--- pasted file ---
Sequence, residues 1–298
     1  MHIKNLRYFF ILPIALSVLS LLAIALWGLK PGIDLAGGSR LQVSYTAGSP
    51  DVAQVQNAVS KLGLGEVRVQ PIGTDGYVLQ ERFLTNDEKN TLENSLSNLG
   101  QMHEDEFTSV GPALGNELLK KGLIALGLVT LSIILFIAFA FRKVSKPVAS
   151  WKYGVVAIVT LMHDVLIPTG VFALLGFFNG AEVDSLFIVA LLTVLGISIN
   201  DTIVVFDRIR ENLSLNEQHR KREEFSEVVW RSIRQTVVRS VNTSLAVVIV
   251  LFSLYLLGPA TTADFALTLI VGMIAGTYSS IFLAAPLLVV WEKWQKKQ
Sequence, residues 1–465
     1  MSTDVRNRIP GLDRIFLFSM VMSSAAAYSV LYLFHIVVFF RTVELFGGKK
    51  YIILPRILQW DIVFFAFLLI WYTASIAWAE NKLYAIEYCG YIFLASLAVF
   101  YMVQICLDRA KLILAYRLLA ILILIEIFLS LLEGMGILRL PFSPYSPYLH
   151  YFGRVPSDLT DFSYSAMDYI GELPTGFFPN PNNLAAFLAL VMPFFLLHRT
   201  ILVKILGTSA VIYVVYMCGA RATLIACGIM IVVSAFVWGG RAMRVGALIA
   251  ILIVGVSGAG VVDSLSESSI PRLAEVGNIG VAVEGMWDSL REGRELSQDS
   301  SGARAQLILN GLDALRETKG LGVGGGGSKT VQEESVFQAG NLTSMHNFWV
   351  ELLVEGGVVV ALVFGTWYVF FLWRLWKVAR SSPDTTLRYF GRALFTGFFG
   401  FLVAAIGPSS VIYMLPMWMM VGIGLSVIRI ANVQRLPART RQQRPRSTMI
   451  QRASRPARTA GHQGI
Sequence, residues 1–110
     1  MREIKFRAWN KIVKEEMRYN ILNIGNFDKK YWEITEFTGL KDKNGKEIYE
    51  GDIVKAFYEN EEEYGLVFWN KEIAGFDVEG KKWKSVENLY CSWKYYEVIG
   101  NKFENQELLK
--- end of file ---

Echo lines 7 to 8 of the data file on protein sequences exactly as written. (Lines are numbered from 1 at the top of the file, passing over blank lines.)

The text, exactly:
   251  LFSLYLLGPA TTADFALTLI VGMIAGTYSS IFLAAPLLVV WEKWQKKQ
Sequence, residues 1–465